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MR spectroscopy facilitates, targets, tracks treatment in gliomas


MR spectroscopy facilitates, targets, tracks treatment in gliomas

Using a novel imaging method, a Massachusetts General Hospital (MGH) research team is investigating the mechanisms behind a potential targeted treatment for a subtype of the deadly brains tumors called gliomas. In their report published in Nature Communications, the researchers describe using magnetic resonance spectroscopy (MRS) imaging – which reflects metabolic rather than structural aspects of tissues – to determine whether treatment with an investigational IDH1 inhibitor reduced levels of a tumor-associated metabolite in patients with IDH1-mutated gliomas participating in a clinical trial.

“Gliomas are aggressive, primary brain tumors that lack effective treatments, and patients invariably succumb to the disease,” says lead author Ovidiu Andronesi, MD, PhD, of the MGH-based Martinos Center for Biomedical Imaging, lead author of the paper. “There is a desperate need for progress in glioma treatment, and IDH mutations, which occur commonly in these tumors, offer a pathway for targeted therapy. With the new metabolic imaging method that we developed to probe treatment effects, we showed that a novel IDH1 inhibitor can quickly reduce levels of the oncometabolite 2HG in patients with this mutation. This type of methodology has the potential to accelerate clinical trials and translation of targeted therapies, such as mutant IDH inhibitors, and makes the concept of precision oncology feasible in glioma patients.”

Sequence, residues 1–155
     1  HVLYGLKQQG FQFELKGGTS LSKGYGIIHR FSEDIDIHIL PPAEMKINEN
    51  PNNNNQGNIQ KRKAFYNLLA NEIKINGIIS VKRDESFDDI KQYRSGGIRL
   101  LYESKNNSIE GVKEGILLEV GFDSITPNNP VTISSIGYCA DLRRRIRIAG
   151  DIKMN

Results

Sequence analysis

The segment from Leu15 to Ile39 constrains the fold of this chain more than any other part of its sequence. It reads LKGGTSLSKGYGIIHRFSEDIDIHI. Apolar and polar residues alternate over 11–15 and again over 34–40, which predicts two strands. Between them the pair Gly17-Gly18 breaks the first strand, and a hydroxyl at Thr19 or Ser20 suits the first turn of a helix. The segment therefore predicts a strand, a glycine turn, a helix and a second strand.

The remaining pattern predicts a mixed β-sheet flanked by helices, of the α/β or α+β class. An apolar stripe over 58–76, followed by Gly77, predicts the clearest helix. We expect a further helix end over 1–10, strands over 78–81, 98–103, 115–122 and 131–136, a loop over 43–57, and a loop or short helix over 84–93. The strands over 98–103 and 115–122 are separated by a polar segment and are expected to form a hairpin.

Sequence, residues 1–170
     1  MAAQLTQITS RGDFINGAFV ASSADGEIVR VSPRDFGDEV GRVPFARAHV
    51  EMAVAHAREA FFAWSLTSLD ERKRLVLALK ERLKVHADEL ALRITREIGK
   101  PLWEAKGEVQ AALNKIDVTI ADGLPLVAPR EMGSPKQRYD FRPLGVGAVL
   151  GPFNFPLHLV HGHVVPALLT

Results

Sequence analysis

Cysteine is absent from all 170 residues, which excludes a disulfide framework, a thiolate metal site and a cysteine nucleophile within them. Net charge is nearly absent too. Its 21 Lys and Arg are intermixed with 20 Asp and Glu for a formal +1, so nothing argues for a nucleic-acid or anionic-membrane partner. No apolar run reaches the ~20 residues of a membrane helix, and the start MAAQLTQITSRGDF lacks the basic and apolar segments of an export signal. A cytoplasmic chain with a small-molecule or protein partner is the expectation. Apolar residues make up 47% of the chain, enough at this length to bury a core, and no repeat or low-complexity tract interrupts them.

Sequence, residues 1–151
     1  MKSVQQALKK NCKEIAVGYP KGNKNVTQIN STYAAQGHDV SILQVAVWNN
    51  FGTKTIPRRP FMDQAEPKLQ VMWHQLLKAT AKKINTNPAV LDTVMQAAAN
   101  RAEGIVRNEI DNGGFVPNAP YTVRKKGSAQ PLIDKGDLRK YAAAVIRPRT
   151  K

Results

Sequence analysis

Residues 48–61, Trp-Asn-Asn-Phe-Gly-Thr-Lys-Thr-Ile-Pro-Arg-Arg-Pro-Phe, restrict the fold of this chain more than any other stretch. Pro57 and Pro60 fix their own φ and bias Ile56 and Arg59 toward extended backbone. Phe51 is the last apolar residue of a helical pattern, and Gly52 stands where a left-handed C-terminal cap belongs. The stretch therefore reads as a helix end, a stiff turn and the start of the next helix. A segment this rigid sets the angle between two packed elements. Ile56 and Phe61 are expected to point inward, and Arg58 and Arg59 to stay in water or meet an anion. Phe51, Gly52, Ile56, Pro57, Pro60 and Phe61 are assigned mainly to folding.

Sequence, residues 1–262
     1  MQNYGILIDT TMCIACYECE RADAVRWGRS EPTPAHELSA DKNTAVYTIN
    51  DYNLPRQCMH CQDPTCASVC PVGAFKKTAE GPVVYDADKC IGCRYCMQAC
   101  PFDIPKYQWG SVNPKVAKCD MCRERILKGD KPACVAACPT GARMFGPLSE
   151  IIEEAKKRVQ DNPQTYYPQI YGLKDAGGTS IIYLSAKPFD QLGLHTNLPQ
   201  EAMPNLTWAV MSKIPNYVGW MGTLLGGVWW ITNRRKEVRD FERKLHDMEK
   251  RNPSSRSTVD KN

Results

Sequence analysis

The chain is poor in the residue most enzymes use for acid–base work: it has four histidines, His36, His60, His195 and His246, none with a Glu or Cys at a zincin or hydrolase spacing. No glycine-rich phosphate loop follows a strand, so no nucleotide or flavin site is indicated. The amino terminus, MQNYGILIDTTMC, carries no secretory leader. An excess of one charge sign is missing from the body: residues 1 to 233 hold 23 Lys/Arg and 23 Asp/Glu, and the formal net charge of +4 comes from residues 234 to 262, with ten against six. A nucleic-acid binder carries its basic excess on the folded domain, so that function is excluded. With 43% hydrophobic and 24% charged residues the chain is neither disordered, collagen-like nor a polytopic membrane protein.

While patients with gliomas characterized by mutations in the isocitrate dehydrogenase (IDH) enzyme tend to live three to five times longer, with better response to chemo- and radiation therapy, than do patients whose tumors do not carry IDH mutations, the mutations themselves may initiate and drive the growth of the tumor. IDH mutant tumors produce elevated levels of 2-hydroxyglutarate (2HG), which is believed to contribute to tumor initiation by interfering with gene expression control. While it is unclear whether reducing 2HG level would reverse the process in patients, it could be used as a biomarker for diagnosis and monitoring of IDH mutant tumors.

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Medha Baranwal

Medha Baranwal

Medha Baranwal joined Medical Dialogues as a Desk Editor in 2018 for Speciality Medical Dialogues. She covers several medical specialties including Cardiac Sciences, Dentistry, Diabetes and Endo, Diagnostics, ENT, Gastroenterology, Neurosciences, and Radiology. She has completed her Bachelors in Biomedical Sciences from DU and then pursued Masters in Biotechnology from Amity University. She can be contacted at medha@medicaldialogues.in. Contact no. 011-43720751
Source: With inputs from  Nature Communications

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